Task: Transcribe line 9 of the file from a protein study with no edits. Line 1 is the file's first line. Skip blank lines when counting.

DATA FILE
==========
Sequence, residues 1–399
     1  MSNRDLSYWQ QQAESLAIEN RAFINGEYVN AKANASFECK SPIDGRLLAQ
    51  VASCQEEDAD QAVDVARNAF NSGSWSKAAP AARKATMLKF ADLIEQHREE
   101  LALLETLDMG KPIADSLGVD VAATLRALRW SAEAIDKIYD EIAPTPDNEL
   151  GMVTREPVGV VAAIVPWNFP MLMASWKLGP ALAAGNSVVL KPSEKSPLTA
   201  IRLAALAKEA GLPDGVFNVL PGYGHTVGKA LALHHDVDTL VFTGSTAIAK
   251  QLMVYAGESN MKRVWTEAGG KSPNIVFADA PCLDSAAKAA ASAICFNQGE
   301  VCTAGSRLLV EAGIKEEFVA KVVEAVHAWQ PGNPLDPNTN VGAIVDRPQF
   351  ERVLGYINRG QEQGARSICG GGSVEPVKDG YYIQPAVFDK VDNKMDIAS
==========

   351  ERVLGYINRG QEQGARSICG GGSVEPVKDG YYIQPAVFDK VDNKMDIAS